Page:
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Randomized Response#

Randomized response is used to release categorical survey responses in the local-DP, or per-user, model. The randomized response algorithm is typically meant to be run on the edge, at the user’s device, before data is submitted to a central server. Local DP is a stronger privacy model than the central model, because the central data aggregator is only ever privileged to privatized data.

OpenDP currently only provides mechanisms that may be run on the edge device: You must handle network communication and aggregation.

Any constructors that have not completed the proof-writing and vetting process may still be accessed if you opt-in to “contrib”. Please contact us if you are interested in proof-writing. Thank you!

from opendp.mod import enable_features


We’ll start by privatizing a boolean response. Boolean randomized response is fully characterized by a measurement containing the following six elements:

Elements of a Boolean Randomized Response Measurement

  1. We first define the function \(f(\cdot)\), that applies the randomized response to some boolean argument \(x\). The function returns the correct answer with probability prob, otherwise it flips the answer.

\[f(x) = x \wedge \neg \mathrm{sample\_bernoulli}(prob)\]
  1. \(f(\cdot)\) is only well-defined for boolean inputs. This (small) set of permitted inputs is described by the input domain (denoted AtomDomain<bool>).

  2. The set of possible outputs is described by the output domain (also AtomDomain<bool>).

  3. Randomized response has a privacy guarantee in terms of epsilon. This guarantee is represented by a privacy map, a function that computes the privacy loss \(\epsilon\) for any choice of sensitivity \(\Delta\).

\[map(d_{in}) = d_{in} \cdot \ln(\mathrm{prob} / (1 - \mathrm{prob}))\]
  1. This map requires that \(d_{in}\) be a discrete distance, which is either 0 if the elements are the same, or 1 if the elements are different. This is used as the input metric (DiscreteDistance).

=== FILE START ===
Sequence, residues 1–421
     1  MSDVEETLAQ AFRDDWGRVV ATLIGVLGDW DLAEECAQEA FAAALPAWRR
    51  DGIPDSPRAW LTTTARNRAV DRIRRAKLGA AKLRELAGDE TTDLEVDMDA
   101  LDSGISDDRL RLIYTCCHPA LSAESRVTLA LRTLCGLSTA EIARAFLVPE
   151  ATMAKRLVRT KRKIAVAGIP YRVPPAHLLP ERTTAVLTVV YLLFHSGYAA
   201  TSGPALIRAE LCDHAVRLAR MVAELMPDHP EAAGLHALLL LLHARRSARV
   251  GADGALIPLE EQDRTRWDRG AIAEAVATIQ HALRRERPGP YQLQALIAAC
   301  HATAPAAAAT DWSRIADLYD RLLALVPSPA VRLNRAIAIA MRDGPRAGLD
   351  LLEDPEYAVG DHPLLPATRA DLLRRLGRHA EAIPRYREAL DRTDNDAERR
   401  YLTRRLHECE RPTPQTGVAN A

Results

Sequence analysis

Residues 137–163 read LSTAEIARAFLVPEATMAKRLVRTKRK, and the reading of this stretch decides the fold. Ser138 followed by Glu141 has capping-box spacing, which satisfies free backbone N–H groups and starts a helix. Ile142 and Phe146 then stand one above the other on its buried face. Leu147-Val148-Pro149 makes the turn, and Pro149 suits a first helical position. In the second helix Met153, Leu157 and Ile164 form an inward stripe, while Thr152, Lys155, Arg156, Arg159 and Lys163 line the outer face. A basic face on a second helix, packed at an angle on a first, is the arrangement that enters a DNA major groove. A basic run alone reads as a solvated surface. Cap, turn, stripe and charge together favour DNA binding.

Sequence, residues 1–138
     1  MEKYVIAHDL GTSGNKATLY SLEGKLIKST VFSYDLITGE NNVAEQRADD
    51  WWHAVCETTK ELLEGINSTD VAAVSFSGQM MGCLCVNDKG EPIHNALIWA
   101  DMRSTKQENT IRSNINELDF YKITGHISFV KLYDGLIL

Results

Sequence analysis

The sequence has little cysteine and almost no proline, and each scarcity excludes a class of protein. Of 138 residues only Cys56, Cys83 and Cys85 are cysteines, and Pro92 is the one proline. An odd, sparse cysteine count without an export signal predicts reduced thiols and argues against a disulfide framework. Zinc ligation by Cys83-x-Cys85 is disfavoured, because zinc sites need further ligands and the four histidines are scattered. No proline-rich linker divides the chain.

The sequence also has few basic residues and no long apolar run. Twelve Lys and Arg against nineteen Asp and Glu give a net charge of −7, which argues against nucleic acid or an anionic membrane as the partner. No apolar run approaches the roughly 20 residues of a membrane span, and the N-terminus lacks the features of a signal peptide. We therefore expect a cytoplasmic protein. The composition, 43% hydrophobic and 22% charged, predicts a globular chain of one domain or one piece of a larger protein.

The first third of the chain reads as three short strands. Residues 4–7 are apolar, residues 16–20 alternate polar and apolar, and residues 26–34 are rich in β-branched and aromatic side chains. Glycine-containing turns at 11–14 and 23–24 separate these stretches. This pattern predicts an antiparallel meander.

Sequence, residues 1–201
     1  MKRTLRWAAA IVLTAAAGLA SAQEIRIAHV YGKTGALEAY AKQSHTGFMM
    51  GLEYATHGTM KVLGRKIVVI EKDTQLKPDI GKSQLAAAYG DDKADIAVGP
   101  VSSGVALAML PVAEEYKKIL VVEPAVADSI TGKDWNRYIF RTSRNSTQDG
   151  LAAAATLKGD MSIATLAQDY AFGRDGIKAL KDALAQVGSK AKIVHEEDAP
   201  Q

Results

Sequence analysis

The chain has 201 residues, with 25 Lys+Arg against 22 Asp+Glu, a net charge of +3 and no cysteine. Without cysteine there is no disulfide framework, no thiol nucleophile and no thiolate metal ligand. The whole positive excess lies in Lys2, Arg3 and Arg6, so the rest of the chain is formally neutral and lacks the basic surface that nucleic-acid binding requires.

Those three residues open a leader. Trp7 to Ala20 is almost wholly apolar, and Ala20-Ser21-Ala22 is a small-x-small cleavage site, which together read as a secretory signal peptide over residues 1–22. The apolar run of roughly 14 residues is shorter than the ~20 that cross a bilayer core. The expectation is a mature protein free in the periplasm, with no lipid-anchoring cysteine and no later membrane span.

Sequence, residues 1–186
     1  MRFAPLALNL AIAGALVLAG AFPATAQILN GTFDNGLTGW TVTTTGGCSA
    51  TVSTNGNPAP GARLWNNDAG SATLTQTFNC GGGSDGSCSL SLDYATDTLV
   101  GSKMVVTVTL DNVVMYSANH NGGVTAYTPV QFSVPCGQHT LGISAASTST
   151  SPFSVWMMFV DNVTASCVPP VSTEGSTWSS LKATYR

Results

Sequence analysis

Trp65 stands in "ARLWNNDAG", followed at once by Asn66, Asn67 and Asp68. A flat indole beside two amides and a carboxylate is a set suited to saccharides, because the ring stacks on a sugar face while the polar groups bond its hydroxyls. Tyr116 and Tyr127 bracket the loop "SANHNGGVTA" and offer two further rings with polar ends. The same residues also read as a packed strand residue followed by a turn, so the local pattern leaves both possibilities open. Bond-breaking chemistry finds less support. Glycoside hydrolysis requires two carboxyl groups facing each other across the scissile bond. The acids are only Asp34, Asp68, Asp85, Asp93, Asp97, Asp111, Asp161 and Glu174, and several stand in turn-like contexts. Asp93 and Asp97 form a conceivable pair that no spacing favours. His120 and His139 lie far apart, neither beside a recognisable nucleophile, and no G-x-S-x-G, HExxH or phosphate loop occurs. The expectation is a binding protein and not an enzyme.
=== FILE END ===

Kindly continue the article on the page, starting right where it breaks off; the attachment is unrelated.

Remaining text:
2. We similarly describe units on the output (\(\epsilon\)) via the output measure (MaxDivergence<f64>).

make_randomized_response_bool returns the equivalent measurement:

from opendp.measurements import make_randomized_response_bool

# construct the measurement
rr_bool_meas = make_randomized_response_bool(prob=0.75)

# invoke the measurement on some survey response to execute the randomized response algorithm
alice_survey_response = True
print("noisy release:", rr_bool_meas(alice_survey_response))

# determine epsilon by invoking the map
noisy release: True
epsilon: 1.0986122886681098

A simple generalization of the previous algorithm is to randomize over a custom category set:

from opendp.measurements import make_randomized_response

# construct the measurement
categories = ["A", "B", "C", "D"]
rr_meas = make_randomized_response(categories, prob=0.75)

# invoke the measurement on some survey response, to execute the randomized response algorithm
alice_survey_response = "C"
print("noisy release:", rr_meas(alice_survey_response))

# determine epsilon by invoking the map
noisy release: D
epsilon: 2.1972245773362196

Aggregation: Mean#

The privatized responses from many individuals may be aggregated to form a population-level inference. In the case of the boolean randomized response, you may want to estimate the proportion of individuals who actually responded with True.

import numpy as np
num_responses = 1000

true_probability = .23

private_bool_responses = []

for _ in range(num_responses):
    response = bool(np.random.binomial(n=1, p=true_probability))
    randomized_response = rr_bool_meas(response)

naive_proportion = np.mean(private_bool_responses)

We know the true probability is .23, so our estimate is off!

The naive proportions can be corrected for bias via the following derivation:

Derivation of Boolean RR Bias Correction

We want an unbiased estimate of \(\frac{\sum X_i}{n}\). Denote the randomized response \(Y_i = \texttt{rr\_bool\_meas}(X_i)\). We first find the expectation of \(Y_i\):